Hussein Manack says he regrets not standing up for Khaya Zondo after AB de Villiers blocked his selection
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JOHANNESBURG – Former national selector, Hussein Manack told the Social Justice and Nation Building hearings that he regretted not standing his ground and picking Khaya Zondo for the series-deciding One-Day International against India in 2015.
Zondo’s non-selection in that match, played in Mumbai in October of that year, was the catalyst for a dramatic split along racial lines in the national team. A group of black players wrote a letter to Cricket SA’s Board at the time, signing it ‘#BibsMustFall’ stating that they were tired of only being viewed as good enough to be squad members but not to start matches for the Proteas.
Zondo had been part of the squad in India, and with the series tied 2-2, he was left out of the starting team, while Dean Elgar, who had flown in to be part of the Test squad which played a series that followed the One-Dayers, was picked to start that match.
“I look back and I feel I gave in to the captain (AB de Villiers), and maybe I should have stood firm,” Manack told the SJN on Thursday.
Manack said that in his time as a selector, that the incident in Mumbai was the “most difficult,” he’d encountered.
The incident with Zondo has been used in more than one testimony as an illustration of how black players feel they have been mistreated in South African cricket in the post-unity years. Manack was the selector, who accompanied the squad for that series and would thus have held talks with the captain, De Villiers and the coach at that time Russell Domingo, over the composition of the final XI, that took to the field.
Manack’s was one of the most detailed accounts of the affair, and included he’d held hours of meetings with De Villiers, and talks with CSA’s then CEO Haroon Lorgat, who had also fielded a call from an unhappy De Villiers.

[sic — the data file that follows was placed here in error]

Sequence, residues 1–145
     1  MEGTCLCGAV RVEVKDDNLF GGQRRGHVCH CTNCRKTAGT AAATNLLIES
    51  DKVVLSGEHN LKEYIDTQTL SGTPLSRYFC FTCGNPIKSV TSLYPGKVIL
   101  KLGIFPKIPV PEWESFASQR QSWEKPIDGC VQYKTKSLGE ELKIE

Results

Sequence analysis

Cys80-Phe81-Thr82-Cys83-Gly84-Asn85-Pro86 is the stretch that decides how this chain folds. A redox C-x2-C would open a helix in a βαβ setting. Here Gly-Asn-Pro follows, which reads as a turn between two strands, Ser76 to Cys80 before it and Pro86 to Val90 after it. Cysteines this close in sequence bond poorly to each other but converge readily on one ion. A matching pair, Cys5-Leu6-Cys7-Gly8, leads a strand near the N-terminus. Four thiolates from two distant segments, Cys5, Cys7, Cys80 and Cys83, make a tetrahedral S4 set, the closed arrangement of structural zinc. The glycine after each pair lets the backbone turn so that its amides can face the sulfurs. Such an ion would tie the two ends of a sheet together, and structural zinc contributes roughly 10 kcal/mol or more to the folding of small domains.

“I got the distinct impression that there would be some sort of fall out if he didn’t get his team,” said Manack.
“I genuinely felt he was going to pull out of the team, he was threatening not to play, that’s what I felt, although those words were not said to me. The captain felt very, very strongly.”
Manack revealed that in his talks with De Villiers at the time, the then Proteas skipper felt that Zondo, who had yet to play an international match at that time, lacked experience and would struggle to cope with a big crowd. Dave Miller, who Manack felt was out of form and deserved to be dropped, was the player De Villiers wanted to retain, citing Miller’s experience of playing in India in the IPL among the reasons why.
“The captain was extremely adamant that he didn’t want Khaya in the team,” said Manack.
“I just felt the fall out of me standing my ground at that stage, would have, I think, made things worse for the team and made things worse for Khaya, because if he played, after I’d insisted he played, and he didn’t score runs and the team lost, I think he would have been blamed for it. So all those things were going through my mind. I still look back at the moment and think; should I have been stronger? Should I have stood my ground?”
“The captain was extremely popular in India, and if the team had lost and he goes out and says, ‘we lost because of this selection.’ I do regret it, but I had no choice, I was boxed into a corner,” Manack explained.
In a subsequent conversation with Zondo, on a later tour to India, Manack said the right hand batsman, claimed he understood the pressure, Manack was under. “Khaya and I had a chat in India a few years back. It affected him quite a bit after that. He said to me that he understood that I had been placed in a very difficult situation, because everyone knew it was the captain, who’d absolutely insisted that he doesn’t want Khaya in the team.”